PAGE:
Writer: Geoff Thompson
Director: Nigel Francis &Geoff Thompson
Reviewer: James Garrington
“I am special” says the man whose name the audience never hears. “Everything that happens to me is good.” He is special because that is what he was told. Told by someone he trusted, indeed idolised. Someone who then betrayed that trust. Now the only way he can try to find some salvation is to tell his story to a tape recorder.
Geoff Thompson’s semi-autobiographical play is powerful stuff. Over the course of 70 minutes we hear a harrowing tale of abuse, denial and a search for redemption. Nigel Francis is “One”, a man who was abused as a child and thirty years on is still trying to come to terms with the guilt and shame. Francis carries this show on his shoulders from start to end, and he clearly invests a lot of himself into it. Suffering from violent mood swings, he changes abruptly and convincingly from calm to angry to depressed, and to a feeling of resignation. Francis does not only play “One”, however; during the play there are some small vignette scenes where he plays his mother, who rejects him when he tries to talk to her about events because she does not want him to “bring shame on this house”, causing him to display a confused anger which is almost palpable. Francis also plays a therapist, the man he turns to when he finally comes to terms with the fact he needs help, only to be told to tell his woes to a tape recorder, as it will not judge him.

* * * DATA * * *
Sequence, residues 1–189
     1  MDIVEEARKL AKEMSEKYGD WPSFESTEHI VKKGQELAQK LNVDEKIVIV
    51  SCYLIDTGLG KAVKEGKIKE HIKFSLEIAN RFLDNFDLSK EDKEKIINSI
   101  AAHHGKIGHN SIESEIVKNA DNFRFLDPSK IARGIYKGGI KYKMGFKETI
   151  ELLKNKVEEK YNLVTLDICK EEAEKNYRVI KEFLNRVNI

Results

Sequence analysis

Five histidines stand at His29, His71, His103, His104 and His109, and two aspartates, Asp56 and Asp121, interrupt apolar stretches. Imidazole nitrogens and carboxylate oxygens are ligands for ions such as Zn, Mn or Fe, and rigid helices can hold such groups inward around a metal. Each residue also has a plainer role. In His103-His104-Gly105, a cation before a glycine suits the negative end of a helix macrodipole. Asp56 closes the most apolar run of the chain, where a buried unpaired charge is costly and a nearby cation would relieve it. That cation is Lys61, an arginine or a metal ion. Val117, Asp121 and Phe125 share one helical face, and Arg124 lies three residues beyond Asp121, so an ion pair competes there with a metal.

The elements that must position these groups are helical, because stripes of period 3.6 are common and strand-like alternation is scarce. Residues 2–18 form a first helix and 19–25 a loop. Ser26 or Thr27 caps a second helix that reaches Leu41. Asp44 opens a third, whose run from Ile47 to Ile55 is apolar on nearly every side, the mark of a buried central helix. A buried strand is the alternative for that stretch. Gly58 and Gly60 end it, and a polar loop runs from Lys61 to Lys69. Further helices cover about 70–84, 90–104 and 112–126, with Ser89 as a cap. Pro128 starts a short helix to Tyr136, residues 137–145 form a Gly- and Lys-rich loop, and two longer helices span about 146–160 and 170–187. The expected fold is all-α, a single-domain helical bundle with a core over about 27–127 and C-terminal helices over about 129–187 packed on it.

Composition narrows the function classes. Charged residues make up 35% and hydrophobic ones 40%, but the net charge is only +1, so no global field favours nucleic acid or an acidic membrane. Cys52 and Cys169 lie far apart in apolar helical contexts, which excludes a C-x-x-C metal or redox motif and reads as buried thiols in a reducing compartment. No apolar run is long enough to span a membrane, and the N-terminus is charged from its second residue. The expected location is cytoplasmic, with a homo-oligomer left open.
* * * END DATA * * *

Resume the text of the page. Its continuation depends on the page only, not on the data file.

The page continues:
A play of this sort is inevitably very intense, and Francis works hard to maintain that intensity throughout. A very small venue like the 55-seat Old Joint Stock, playing in the round, only adds to the intensity giving the actor, like his character, nowhere to hide. What it also does, though, is demand a level of commitment from the audience too, as they, like the actor, also have nowhere to hide in this venue; and that can be a big ask. As a result, at this performance it felt a little as though some of the audience started to detach from the play from time to time. It is a credit to Francis, and his performance, that by the end the audience were drawn back in. The play is destined for Edinburgh and the Fringe later this year, and perhaps trimming it to run at just an hour, as many venues prefer, would help the audience to invest the energy and commitment that is needed if they are to appreciate the full Fragile experience.
This play contains some very adult themes and language, and may be difficult for some people to watch. For those who can stick with it, it proves to be a compelling and powerful piece of drama.
Runs until 7th June 2014